When I first got to school, I was given a banner that said the Russian word for "Someone who's graduating." I then spent the rest of the day trying to figure out what the english word for this was, or if we even had one. I was settling on just saying "Graduator" (Though I also thought maybe "Graduee" would work) until last night I was writing in my journal and I was like "Wait, isn't the word for this "Graduate?' " I'm still not so sure about that.

Anyway so I wore my little banner along with the rest of my class and the two parallel classes and we all hung around on the second floor of the school until it was time to go into the auditorium. when entering the auditorium we walked across the stage and then to our seats. No, this was not like in American High School (From now own will be referenced as AHS) we just kind of went quickly and sat down.

The first thing that happened, is some announcer people from the 10th class announced the names of some teachers. These teachers then came up on stage and announced peoples names for various things, and you got to go up on stage and get a certificate. I was enjoying cheering for my classmates, when they called my name. Well that was a surprise, but I was very excited. I got up on stage, shook the lady's hand and recived a certificate for "Active Participation in the Artistic Life of the Gimnasium" or something like that. I call it affectionately my "I'm Foreign Award." I then went and sat back down to listen to the other awards.

The next part was the "Growing up" part. Here, the teachers from the first class got up and shared some memories of the kids in their classes and handed out little folders with some work the kids had done. Then, The Leading Teachers from fifth through ninth class got up, called up the Leading Teachers for 10th and 11th class and the five of them all made speeches. Naturally, I bawled when our Leading Teacher, Alexandra Nicholaevna, gave her little speech. One thing I learned is that we were her last class. After us, she's not going to Lead anymore. It's ironic but I've found out quite a bit about the school I've been attending the last 8 months in the last few days. For example, we are seriously listed as one of the best schools in Russia. How cool is that?

When that was finished, we had a "parents part" this was like the parents saying thanks you to the teachers and school. Flowers were given to basically every teacher, and there were a lot of them. On each Bouquet was a rhyme that included the name of the teacher it was for. Naturally every one of these had to be read. We kids stood up and clapped extra loudly for our favorite teachers.

After that, it was finally time for the part I'd been waiting for. Each of the three 11th grade classes, got up and did a little something. I'm a little prejudice, but I think ours was the best.

First up was 11А, the Mathmatics group. They had two people sing a song, while the rest did a dance thing. It was kind of boring. Sorry, but it was. Next, was us, the Humanitarian 11Б. We did a little sketch. Basically it was "The Adventures of A Foreigner" Bet you can't guess who was the Foreigner? I basically said some stuff in English which my classmate Dima, "translated". I got to say some stuff in Russian too. The rest of the class would do little things in the background. For example one thing I talked about was how the puddles around our school were so beautiful, deep, and majestic that they almost resembled Lake Baikal, my classmates all made swimming motions. It was a funny sketch and the audience laughed a lot. The only glitch we had was when it came time to sing our song at the end. We had this sentimental song about how the sun shines and the grass grows but a new door is opening and how they say we're adults now so everything's different. (Yup, that's basically the translated version of the chorus.) One girl, Anya was supposed to play the guitar for us but something happened and the guitar didn't get to her so we sang part of the song acapella. Bad Idea. It was horrible. But we made it through and got off the stage.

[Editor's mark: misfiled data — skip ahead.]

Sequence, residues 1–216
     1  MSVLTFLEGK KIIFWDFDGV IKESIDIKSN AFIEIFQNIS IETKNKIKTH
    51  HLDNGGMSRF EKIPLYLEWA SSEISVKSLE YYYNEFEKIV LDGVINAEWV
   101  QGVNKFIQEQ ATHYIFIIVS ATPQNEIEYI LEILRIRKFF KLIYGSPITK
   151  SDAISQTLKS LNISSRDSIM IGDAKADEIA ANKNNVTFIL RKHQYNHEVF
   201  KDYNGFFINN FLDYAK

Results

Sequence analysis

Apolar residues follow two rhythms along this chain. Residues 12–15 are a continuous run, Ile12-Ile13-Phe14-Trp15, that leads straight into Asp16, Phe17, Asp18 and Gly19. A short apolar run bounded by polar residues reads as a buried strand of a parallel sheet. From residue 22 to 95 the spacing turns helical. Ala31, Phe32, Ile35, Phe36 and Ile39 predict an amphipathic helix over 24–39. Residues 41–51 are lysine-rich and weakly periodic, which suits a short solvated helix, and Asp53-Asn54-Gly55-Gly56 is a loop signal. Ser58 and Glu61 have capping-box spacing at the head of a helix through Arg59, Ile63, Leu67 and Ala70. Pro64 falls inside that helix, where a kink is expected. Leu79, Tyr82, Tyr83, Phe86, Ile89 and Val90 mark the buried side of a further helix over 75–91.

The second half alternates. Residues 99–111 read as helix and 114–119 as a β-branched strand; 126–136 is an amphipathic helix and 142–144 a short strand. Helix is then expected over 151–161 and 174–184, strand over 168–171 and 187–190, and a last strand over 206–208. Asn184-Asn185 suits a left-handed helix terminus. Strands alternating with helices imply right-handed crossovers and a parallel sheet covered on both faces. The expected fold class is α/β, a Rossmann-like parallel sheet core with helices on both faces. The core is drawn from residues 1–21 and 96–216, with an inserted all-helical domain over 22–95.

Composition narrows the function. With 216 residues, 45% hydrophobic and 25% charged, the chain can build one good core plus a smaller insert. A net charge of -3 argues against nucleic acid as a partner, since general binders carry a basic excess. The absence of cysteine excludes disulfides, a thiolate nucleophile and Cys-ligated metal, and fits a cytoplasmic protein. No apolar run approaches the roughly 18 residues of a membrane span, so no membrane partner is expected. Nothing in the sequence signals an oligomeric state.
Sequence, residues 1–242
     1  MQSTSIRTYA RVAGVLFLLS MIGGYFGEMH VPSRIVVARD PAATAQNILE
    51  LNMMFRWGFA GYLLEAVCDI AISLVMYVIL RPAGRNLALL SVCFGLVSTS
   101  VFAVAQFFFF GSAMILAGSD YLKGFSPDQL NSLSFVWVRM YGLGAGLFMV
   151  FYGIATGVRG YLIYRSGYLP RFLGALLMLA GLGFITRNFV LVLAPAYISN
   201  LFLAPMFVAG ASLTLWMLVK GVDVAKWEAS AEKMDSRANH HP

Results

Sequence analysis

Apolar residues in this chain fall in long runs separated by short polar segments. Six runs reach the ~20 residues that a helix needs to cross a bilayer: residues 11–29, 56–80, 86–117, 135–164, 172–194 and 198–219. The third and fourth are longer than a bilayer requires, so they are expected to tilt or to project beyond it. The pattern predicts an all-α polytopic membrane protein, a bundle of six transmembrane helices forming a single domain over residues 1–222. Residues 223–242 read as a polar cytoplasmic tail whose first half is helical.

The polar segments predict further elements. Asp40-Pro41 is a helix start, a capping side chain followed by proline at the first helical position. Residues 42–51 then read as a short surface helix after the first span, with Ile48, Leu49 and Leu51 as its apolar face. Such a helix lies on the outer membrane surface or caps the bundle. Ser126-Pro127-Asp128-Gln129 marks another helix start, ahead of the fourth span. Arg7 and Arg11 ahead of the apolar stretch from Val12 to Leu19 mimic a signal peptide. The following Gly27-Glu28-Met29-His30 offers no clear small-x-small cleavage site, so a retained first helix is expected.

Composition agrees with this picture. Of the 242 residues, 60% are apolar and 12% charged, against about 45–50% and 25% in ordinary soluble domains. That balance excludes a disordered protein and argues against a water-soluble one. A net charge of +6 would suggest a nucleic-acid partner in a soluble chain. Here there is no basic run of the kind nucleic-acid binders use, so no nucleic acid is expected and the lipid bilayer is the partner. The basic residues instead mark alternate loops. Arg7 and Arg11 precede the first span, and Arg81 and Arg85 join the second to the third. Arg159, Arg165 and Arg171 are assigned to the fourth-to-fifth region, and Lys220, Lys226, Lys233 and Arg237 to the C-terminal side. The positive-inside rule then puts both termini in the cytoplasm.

Then the last class, Universal 11В was up. They had two girls singing while the others came and put toys all lined up across the front of the stage. It wasn't bad, but ours was better. lol.

After all of this, it was time for the official ringing of the last bell. All the 11th graders were called up on stage. This little first classer took this bell and was carried of the stage, across the front of it and back up by two guys in my class. She rang the bell the whole way. Then, the bell was passed along the line of 11th graders who all took turns ringing it. (Unfortunately I didn't get too since I was in the back, it kind of missed me) When the last person rang it it was like "Yay!" but at the same time not.

And that's the ceremony itself.

When that got out, we were all congratulated by different teachers and parents and friends and all. Then, our class met in Alexandra Nicholaevna's room where we ate Chocolate and she presented everyone with little silly awards. I got a nomination for speaking "Rusofranglish" and was given three or four mini fairy-tale books in both Russian and English. So that was exciting. When that meeting broke up, we all headed for the park which is apparently the traditional place to go when you graduate. Our park here, isn't just a green park. There are like rides and stuff. So I Figured that's what we'd be doing. Nope. Basically a good chunk of the 11th class all showed up to stand around, drink and smoke. Now, drinking is a part of the youth culture here, and while I don't participate in it, I can often tolerate it to some extent. That day, I was really not in the mood to deal with it. So I was thinking about just going home, and relaxing when I ran into a group of girls who also didn't want to participate and were going to go get sushi. One of them was Anya from church. So I was like "hey, can I go with you guys?" And they were like "Of course! You need to!" so I went and we ate sushi and had a good time and I felt like I fulfilled my social obligation. Seriously though. I enjoyed it.